One morning, on a remarkable day, I find myself, once again, walking down an alleyway; with sprightly steps, momentarily throwing caution away. There I meet an Aussie, and a boy who took a micro from Samakhushi. The host serves black tea; he has a charming way. We make small talk, us three, before we start to play.

After quickly undressing - the cold, it is January! - we huddle on the narrow bed, have an adventure; there is no room for intimacy. Morning gradually turns into day. Outside, ancient pathways are washed by soft sunrays. A Thakali thali each, for the strangers and me; then we go about our ways.

These encounters, the stories, are part of our world, a part of me. There are masks, there are costumes; there is also shame. There is “What will they think?” constantly drumming in our brains. So many men, so much pain. Bound, internally maimed. What to do, how to be, what to say, what not to say.

My name starts appearing in magazines and online portals. An executive nudges me to contribute a piece. He has recently founded a mainstream men’s magazine. An idea quickly takes shape. I am eager to push boundaries, attempt a fresh perspective. I submit a story about men in Kathmandu. The piece gets published. I write a follow up.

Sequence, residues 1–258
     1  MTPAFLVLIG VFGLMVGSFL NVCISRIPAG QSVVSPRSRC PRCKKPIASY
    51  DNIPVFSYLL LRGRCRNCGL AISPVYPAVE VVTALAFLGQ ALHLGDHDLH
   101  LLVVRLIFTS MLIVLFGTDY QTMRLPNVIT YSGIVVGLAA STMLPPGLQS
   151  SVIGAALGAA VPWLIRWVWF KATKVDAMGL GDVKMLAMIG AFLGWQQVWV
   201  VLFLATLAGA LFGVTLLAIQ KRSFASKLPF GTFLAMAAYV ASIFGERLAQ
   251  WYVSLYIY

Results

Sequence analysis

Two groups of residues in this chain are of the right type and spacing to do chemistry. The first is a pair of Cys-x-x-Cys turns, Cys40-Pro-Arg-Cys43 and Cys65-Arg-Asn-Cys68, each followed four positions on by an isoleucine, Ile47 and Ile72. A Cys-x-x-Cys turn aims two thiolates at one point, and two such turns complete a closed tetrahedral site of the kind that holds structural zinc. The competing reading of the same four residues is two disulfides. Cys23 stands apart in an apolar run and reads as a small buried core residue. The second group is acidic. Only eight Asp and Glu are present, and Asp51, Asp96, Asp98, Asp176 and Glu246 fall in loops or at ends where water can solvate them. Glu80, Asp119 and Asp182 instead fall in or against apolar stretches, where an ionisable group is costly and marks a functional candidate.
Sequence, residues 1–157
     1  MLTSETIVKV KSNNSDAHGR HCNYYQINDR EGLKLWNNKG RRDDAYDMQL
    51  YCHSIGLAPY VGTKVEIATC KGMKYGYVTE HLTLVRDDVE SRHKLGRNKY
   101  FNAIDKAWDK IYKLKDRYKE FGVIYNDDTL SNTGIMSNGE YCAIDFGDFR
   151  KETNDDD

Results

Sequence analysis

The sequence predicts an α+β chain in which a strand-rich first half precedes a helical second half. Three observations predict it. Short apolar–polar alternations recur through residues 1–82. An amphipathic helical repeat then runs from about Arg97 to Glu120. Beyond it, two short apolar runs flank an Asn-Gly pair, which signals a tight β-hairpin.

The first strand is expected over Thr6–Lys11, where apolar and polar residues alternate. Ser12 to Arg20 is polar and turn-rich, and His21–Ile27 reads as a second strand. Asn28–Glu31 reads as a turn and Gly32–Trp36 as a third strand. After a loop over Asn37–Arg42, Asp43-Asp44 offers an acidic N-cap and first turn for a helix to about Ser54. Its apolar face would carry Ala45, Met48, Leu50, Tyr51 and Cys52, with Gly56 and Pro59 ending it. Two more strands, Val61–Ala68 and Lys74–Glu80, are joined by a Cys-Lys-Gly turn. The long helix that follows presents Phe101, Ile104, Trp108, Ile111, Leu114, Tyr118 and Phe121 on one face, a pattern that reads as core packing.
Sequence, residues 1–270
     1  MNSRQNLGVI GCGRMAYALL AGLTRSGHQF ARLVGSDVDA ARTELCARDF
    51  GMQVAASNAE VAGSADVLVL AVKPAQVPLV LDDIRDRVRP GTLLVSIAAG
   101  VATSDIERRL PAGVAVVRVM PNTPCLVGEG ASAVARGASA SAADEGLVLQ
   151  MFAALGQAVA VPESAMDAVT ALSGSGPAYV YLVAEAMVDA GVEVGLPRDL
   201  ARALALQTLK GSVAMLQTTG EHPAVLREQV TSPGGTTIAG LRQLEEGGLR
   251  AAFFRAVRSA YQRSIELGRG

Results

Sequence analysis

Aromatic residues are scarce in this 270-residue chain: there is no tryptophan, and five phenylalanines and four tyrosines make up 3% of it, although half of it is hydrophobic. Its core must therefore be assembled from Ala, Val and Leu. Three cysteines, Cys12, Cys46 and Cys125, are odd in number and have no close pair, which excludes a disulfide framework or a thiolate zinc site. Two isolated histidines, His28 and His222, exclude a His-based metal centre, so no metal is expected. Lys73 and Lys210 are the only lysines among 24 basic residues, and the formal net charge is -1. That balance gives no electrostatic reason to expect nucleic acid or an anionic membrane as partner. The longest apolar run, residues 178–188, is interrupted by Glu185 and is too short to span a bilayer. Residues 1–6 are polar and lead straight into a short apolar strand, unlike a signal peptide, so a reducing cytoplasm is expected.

More time passes. Earthquakes jolt Kathmandu. The constitution gets passed. Long lines snake around petrol pumps. The magazine continues; so do I. But it is time to be more careful about the column, about writing in general. Time to think about - Why? For how long? Why does it matter?

I like to write, no question about that. I like the stimulation, getting connected to many things. I like being in flow. There have been studies on this. On what happens when one works spontaneously, when one is so engaged that the whole process becomes joyful.

But it’s a struggle. It takes discipline and practice. “I must try it out,” I tell myself. “I must find out whether it suits me.”

So I continue jotting down thoughts, continue submitting to the magazine. Each encounter leaves its own ephemeral imprint, like clouds that fleet across the sky. In the US, I rarely looked up; in Nepal, I learn to appreciate the puffs that change form and hue every day. Sometimes, a date with a guy disappoints, causing heaviness. But I meet others who stir pleasant emotions, the way one feels while watching short dashes shimmering on a red, evening sky.